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Iran quake survivors tell of brushes with death
KERMAN, Iran -- Mehrdad Vakili remembers his father screaming, "Get out of the house!" as Iran's devastating earthquake began shaking the walls of the family's home. The 12-year-old boy ran but was immediately pinned by rubble.
Mehrdad was rescued. His father and younger brother were not.
"I don't want to live without them," Mehrdad said Thursday as a female relative dabbed his tears with a handkerchief at his bedside in a Kerman hospital, where he was recovering from a broken leg and severe stomach wounds.
Survivors brought to the provincial capital recounted narrow brushes with death during the Dec. 26 earthquake that struck at dawn, wiping out entire families in their homes, killing nearly 30,000 people and devastating the city of Bam.
Thursday marked the seventh day after the quake and was a day of mass mourning, with Iran's supreme leader holding a memorial service in Bam.
At a cemetery outside Bam where corpses have been buried in mass graves, families clustered around burial mounds, hugging and sobbing.
'It's God's will'
One mourner, Yadolah Khodabakhshzade, lost 18 family members, who were sleeping in three adjacent houses that collapsed in the quake. "It's God's will," he said haltingly.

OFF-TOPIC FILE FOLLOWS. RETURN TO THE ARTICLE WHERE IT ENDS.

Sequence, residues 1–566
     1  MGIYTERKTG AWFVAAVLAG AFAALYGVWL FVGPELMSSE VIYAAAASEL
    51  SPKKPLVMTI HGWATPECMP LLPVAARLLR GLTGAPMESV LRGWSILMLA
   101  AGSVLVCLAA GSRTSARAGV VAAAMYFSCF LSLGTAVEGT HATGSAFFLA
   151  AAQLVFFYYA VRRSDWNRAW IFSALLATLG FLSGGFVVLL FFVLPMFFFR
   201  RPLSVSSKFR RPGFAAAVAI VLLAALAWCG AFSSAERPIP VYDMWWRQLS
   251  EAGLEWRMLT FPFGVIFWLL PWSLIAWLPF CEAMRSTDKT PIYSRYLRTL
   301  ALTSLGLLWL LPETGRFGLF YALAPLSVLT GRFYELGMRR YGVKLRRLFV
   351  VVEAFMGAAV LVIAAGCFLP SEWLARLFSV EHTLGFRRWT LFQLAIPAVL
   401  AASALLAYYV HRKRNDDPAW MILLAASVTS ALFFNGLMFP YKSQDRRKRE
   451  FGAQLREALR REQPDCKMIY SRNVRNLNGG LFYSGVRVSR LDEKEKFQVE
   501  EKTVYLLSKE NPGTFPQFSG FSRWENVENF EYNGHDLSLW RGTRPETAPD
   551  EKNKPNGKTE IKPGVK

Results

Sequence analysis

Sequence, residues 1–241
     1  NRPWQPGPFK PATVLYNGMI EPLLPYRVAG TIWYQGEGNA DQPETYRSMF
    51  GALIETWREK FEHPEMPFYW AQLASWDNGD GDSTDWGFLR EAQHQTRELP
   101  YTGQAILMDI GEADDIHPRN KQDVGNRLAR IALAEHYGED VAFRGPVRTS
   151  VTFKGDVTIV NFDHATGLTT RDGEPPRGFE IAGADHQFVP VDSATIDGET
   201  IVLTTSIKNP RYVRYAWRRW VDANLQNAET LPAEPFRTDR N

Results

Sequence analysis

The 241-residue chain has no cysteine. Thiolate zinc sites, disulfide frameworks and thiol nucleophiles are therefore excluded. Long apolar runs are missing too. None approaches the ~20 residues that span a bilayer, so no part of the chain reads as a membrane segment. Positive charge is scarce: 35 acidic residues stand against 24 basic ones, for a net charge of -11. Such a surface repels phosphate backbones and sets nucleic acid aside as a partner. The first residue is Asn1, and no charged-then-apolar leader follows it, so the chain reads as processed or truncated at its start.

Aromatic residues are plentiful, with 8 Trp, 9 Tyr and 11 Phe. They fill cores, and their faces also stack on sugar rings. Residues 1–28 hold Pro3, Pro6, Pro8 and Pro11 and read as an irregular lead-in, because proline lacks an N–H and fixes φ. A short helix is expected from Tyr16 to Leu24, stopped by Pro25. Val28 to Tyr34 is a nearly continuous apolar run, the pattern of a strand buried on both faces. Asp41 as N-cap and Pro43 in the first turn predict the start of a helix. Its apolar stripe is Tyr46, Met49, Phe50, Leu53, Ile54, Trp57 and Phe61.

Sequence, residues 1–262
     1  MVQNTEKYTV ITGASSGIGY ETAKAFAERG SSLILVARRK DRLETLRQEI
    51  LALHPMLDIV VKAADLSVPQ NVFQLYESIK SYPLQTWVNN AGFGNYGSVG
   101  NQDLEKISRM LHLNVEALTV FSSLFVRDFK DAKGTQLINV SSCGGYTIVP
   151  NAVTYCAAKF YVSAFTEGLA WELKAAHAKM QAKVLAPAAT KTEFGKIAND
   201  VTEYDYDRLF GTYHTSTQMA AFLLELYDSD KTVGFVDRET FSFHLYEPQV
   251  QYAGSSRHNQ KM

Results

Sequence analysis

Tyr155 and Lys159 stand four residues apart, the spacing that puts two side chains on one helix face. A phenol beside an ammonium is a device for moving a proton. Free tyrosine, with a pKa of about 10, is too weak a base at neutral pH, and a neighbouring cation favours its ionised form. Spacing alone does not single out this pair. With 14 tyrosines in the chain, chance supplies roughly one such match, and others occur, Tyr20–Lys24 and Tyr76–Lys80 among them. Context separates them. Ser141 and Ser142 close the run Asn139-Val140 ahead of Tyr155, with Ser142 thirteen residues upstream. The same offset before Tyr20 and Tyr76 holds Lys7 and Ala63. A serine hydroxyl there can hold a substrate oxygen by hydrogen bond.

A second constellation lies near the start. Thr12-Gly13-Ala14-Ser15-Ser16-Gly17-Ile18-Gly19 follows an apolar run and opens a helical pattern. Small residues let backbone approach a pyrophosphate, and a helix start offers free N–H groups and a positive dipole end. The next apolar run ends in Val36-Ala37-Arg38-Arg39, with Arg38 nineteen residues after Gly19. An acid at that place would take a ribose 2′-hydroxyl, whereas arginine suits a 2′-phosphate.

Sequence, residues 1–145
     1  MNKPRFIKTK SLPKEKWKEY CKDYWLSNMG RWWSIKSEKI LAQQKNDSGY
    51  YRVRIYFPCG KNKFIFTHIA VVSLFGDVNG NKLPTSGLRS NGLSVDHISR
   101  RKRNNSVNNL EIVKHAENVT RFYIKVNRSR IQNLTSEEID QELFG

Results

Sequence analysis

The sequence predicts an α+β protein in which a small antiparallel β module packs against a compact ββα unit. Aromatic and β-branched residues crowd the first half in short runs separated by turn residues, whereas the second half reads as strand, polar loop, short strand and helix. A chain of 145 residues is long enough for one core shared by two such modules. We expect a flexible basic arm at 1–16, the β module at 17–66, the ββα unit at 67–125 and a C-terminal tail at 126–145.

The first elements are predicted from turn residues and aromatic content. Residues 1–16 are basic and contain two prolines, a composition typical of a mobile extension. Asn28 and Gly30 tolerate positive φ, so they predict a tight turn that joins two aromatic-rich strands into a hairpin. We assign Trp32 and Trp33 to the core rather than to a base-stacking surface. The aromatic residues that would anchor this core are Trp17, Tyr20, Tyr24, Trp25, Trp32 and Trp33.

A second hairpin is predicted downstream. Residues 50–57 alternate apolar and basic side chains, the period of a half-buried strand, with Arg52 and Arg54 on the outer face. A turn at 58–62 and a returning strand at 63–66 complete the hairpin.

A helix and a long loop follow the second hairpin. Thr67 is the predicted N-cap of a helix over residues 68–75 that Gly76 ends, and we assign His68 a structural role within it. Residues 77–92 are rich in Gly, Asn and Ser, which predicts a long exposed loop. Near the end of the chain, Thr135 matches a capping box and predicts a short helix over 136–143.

In an effort to identify bodies, police have set up three laptop computers at the Bam cemetery that show a morbid slideshow of 400 photographs of the faces of unclaimed bodies.
Estimates on the death toll varied. A U.N. report that cited government figures said the death toll by Tuesday was at least 33,000.
Although hopes for survivors were fading, workers said they rescued three more people -- two on Wednesday and one on Thursday. Normally, people trapped under collapsed buildings can survive three days, a mark that passed Monday morning.
At Kerman's Afzalipor Hospital, other survivors recalled their traumas in the rubble.
Hadi Pashouei was buried up to his neck by the wreckage of the Bam police station where he was on duty when the quake hit -- and remained there for three agonizing hours until he was discovered and pulled out.
"It was worse than hell," Pashouei, 19, said. "Bricks and cement piled on top of me. You want to escape, you can't move. You have pain, there's no cure."
Mehrdad, the 12-year-old, was trapped for two hours until his uncle dug him out. "My dad was buried alive as he rushed to save us," the boy said. "Nobody was able to save the life of my dad and brother."
Three-year-old Ali Abbaszadeh lost both his parents and seven siblings. The child lay in his hospital bed with a bandage around his head, a broken hand and injuries to his kidneys and legs. "Mom, mom," he cries aloud.
"He has wounds all over his body," said nurse Afaq Pakaqideh. "But he suffers more from the loss of his parents than his wounds."
Associated Press writer Matthew Pennington in Bam contributed to this report.